Despite its oral bioavailability potential as explained above, Isorhamnetin as a Pgp substrate is likely to be restricted from entering its target site of action. Pgp is a member of the ATP-binding cassette transporters that plays a role of active efflux of foreign chemicals through cell membranes in order to protect the body from these chemicals, and it is a major factor contributing to drug resistance. Hence, the bioavailability and consequent therapeutic effectiveness of Isorhamnetin might be limited by this factor. Additionally, the cytochrome P450 inhibitory potentials shown by Rhamnocitrin, Isokaempferide, Kaempferol, Apigenin, Penduletin and Isorhamnetin is an indication that the compounds could cause drug-drug interactions. This is because more than 50% of drugs are metabolized by these CYP isoforms and their inhibition, which could hinder the metabolism of these drugs, is a major cause of pharmacokinetics-related drug-drug interactions 52.
It is important to note that the toxicity prediction of the compounds appear to be favorable (table 4). All the compounds belong to the oral toxicity class 5, and their LD50 is between 2,500 and 5000 mg/kg, which means they could be safely used within these dosage limits. Furthermore, none of the compounds is likely to be hepatotoxic, carcinogenic, mutagenic and cytotoxic, making them relatively safe as potential therapeutic agents against SARS-CoV-2.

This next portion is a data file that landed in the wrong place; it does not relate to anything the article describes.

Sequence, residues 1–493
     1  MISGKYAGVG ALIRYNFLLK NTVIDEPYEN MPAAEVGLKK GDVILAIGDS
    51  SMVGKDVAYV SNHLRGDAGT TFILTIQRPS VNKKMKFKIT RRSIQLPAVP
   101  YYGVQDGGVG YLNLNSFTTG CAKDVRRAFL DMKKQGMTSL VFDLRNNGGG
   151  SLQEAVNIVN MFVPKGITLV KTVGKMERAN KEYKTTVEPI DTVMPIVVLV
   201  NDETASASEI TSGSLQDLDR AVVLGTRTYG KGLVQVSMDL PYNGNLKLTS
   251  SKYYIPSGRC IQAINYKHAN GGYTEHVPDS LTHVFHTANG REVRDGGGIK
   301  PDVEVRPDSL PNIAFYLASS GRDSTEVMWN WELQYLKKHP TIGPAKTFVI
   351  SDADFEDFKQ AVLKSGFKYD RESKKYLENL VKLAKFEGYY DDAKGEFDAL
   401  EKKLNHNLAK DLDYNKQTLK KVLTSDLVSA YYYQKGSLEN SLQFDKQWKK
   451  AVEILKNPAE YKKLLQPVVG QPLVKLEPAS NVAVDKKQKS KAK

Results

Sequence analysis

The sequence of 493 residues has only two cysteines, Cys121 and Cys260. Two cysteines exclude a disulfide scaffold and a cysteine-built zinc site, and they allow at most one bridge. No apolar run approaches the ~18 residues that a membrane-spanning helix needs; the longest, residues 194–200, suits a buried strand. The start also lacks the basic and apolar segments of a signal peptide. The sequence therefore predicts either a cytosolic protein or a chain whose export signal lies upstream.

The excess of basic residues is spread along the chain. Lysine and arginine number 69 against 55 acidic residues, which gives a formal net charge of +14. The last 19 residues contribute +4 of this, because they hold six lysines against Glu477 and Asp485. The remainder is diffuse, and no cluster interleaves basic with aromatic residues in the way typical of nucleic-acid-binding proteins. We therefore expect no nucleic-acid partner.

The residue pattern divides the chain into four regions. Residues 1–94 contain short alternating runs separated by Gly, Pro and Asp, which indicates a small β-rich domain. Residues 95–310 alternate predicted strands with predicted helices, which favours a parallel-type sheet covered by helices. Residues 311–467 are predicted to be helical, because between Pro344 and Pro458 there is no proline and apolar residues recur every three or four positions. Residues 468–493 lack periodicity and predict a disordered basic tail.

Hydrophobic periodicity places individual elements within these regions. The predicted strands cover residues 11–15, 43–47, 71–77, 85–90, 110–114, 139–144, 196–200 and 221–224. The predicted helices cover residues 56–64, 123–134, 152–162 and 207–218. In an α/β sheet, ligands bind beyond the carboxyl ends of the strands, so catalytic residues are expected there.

In conclusion, out of 168 bioactive compounds of Artemisia annua screened for possible inhibitory activity against SARS-CoV-2 main protease, Rhamnocitrin exhibited the highest binding affinity followed by Isokaempferide and Kaempferol. The three compounds, like the standard ligand occupied the active site of Mpro, where they interacted with important amino acid residues like HIS 41, ASN 142, CYS 145 and GLU 166, among others. Two aromatic rings and one hydrogen bond donor are involved in the molecular interactions of the three test compounds with the enzyme. The compounds also possess favorable ADMET profile and none of these three compounds showed the tendency for hepatotoxicity, carcinogenicity, mutagenicity, cytotoxicity and immunotoxicity. Therefore, these Artemisia annua compounds could be considered for experimental studies and further development into drugs for the treatment of SARS-CoV-2.